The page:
Communities around the state’s North processed their losses on Monday after the Anglican Diocese released its final list of properties to be sold, with a Labor MHA calling the government to action over one.
Lyons Labor MHA Jen Butler thought the decision to sell Hadspen’s Church of the Good Shepherd was “distasteful”.
At Avoca, St Thomas’ Church was one of the 51 churches slated for closure and sale on the final list.
Changes made to the Burials and Cremations Act last week meant the Church of the Good Shepherd would be regulated as a cemetery, giving it stronger protection against a sell-off, Ms Butler said.
“The decision by the Diocese to now try to sell the church could be challenged under this act and the government should intervene to ensure this significant site is protected.”
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Attorney-General Elise Archer told Fairfax Media properties where bodies may be buried beneath churches would be deemed cemeteries when the amended act is proclaimed.
“All cemetery manager obligations and protections will then apply to such properties, enforced by the regulator,” Ms Archer added.
The Anglican Diocese of Tasmania hopes community groups will take on ownership and management of churches being sold with cemeteries attached.
“We will work through any issues associated with the properties as part of the sale process,” a spokesperson said.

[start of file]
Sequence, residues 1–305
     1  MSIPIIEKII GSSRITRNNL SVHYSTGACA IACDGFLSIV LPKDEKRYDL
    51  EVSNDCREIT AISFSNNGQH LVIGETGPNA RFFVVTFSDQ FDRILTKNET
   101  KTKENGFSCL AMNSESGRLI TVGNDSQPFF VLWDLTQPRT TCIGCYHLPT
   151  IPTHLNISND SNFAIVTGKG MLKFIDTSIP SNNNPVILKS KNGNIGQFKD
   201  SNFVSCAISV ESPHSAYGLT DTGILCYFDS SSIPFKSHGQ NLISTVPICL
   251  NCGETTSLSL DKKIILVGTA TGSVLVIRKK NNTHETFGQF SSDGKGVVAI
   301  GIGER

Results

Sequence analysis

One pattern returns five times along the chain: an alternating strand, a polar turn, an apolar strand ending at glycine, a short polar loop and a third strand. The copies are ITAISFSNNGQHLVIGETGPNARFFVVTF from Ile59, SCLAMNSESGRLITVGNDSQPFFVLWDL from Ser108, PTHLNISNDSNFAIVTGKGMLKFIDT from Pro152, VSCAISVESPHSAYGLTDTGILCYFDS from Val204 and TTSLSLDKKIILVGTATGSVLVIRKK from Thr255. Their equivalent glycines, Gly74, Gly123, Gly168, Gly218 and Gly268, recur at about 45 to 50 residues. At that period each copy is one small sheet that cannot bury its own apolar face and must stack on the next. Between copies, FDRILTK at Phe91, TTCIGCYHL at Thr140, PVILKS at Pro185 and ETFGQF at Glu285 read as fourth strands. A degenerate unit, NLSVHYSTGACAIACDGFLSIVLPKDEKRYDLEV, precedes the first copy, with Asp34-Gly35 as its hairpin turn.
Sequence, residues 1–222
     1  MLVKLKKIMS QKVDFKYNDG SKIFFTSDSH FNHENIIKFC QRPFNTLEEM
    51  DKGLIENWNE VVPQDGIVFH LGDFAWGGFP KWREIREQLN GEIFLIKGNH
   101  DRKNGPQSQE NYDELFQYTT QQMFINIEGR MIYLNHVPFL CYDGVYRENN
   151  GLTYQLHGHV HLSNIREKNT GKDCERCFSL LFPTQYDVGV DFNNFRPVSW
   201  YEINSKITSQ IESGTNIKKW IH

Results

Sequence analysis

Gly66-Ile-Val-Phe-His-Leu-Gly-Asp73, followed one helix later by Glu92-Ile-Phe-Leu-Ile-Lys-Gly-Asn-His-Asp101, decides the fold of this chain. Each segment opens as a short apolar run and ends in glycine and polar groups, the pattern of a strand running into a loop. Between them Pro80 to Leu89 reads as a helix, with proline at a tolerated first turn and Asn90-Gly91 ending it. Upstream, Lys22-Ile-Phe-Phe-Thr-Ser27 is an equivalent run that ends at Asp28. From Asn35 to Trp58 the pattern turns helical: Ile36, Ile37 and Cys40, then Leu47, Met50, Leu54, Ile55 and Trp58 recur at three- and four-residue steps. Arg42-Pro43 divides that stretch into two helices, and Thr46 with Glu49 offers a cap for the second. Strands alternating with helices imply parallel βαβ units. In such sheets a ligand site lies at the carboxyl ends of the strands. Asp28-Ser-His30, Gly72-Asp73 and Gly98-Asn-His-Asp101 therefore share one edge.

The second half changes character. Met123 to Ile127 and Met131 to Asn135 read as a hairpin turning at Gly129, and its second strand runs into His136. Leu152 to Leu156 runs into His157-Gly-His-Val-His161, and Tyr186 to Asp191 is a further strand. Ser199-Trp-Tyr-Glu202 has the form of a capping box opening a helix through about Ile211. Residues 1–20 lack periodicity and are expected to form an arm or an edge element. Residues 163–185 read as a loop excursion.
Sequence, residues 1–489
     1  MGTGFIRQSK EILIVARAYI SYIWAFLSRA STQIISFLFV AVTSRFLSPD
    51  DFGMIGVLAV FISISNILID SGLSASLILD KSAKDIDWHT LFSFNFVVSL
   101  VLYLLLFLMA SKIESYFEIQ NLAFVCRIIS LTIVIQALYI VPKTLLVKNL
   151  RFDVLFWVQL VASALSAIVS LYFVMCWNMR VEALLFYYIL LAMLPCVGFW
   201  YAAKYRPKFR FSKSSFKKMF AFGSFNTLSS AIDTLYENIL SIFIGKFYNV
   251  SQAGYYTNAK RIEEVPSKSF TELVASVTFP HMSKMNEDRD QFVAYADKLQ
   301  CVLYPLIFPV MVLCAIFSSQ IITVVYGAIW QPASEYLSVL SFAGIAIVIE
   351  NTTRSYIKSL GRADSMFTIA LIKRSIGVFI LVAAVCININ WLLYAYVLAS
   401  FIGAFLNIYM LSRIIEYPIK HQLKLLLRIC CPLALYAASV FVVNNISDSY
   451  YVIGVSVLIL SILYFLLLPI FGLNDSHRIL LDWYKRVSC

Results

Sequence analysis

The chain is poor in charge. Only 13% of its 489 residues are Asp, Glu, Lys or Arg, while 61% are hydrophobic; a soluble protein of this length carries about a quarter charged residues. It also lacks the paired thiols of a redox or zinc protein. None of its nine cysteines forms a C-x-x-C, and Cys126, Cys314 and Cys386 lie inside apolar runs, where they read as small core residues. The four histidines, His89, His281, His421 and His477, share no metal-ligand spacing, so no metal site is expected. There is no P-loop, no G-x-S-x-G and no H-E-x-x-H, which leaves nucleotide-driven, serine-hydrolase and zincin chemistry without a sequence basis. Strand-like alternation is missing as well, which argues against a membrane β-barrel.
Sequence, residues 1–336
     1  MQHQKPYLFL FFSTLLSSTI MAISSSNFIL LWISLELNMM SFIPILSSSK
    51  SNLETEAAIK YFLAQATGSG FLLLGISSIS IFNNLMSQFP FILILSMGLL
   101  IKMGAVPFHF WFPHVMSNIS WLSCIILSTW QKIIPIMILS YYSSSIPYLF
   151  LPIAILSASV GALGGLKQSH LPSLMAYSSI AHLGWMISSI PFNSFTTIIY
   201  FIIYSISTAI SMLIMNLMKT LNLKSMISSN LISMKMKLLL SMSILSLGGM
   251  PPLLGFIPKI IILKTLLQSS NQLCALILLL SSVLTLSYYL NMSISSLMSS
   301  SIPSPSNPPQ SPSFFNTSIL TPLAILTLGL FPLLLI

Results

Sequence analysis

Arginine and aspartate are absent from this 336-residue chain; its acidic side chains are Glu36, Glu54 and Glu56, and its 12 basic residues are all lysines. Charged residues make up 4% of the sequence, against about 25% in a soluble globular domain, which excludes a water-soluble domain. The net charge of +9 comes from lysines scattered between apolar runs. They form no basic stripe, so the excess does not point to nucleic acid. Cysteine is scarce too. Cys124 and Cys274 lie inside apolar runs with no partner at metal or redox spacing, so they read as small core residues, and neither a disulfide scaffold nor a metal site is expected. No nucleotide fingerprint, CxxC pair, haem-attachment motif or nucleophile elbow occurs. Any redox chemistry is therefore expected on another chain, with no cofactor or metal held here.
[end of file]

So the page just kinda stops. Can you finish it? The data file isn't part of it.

“What we’ve been trying to do is a twin thing,” Bishop Condie says in response to concerns the sales are raising more than needed for redress: raise money for redress and “make sure the church is sustainable” into the future.— Matt Dennien (@mattdennien) December 2, 2018
Part of the sale proceeds will go to funding the Diocese’s obligations to the national redress scheme for survivors of child sexual abuse. Another portion will contribute to the sustainability of local parishes across the state.
Northern Midlands Mayor Mary Knowles said though St Thomas’ Church – listed on the Tasmanian Heritage Register – is not used often, its sale would be a “huge blow” to the Avoca community.
The church is now used for school services at Easter and Christmas, which the public are invited to attend, along with weddings and funerals.
Cr Knowles said for children in rural areas, those services are often their only connection to the church.
“If you take that away, how are they going to become involved?” she asked.
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